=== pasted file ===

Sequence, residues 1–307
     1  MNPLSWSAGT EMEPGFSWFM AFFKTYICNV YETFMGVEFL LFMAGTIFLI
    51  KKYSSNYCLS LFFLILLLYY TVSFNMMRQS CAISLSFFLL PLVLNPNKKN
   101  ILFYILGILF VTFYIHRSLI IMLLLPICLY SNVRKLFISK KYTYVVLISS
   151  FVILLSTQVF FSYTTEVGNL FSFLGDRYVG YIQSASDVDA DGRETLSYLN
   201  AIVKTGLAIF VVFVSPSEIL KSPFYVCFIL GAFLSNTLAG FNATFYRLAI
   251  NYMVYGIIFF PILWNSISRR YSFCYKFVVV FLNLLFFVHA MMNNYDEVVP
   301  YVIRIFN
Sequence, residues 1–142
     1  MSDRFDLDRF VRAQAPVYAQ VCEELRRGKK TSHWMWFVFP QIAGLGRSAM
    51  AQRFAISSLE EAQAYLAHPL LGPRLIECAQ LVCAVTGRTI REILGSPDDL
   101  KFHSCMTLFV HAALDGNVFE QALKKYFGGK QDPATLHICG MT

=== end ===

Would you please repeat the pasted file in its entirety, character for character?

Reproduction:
Sequence, residues 1–307
     1  MNPLSWSAGT EMEPGFSWFM AFFKTYICNV YETFMGVEFL LFMAGTIFLI
    51  KKYSSNYCLS LFFLILLLYY TVSFNMMRQS CAISLSFFLL PLVLNPNKKN
   101  ILFYILGILF VTFYIHRSLI IMLLLPICLY SNVRKLFISK KYTYVVLISS
   151  FVILLSTQVF FSYTTEVGNL FSFLGDRYVG YIQSASDVDA DGRETLSYLN
   201  AIVKTGLAIF VVFVSPSEIL KSPFYVCFIL GAFLSNTLAG FNATFYRLAI
   251  NYMVYGIIFF PILWNSISRR YSFCYKFVVV FLNLLFFVHA MMNNYDEVVP
   301  YVIRIFN
Sequence, residues 1–142
     1  MSDRFDLDRF VRAQAPVYAQ VCEELRRGKK TSHWMWFVFP QIAGLGRSAM
    51  AQRFAISSLE EAQAYLAHPL LGPRLIECAQ LVCAVTGRTI REILGSPDDL
   101  KFHSCMTLFV HAALDGNVFE QALKKYFGGK QDPATLHICG MT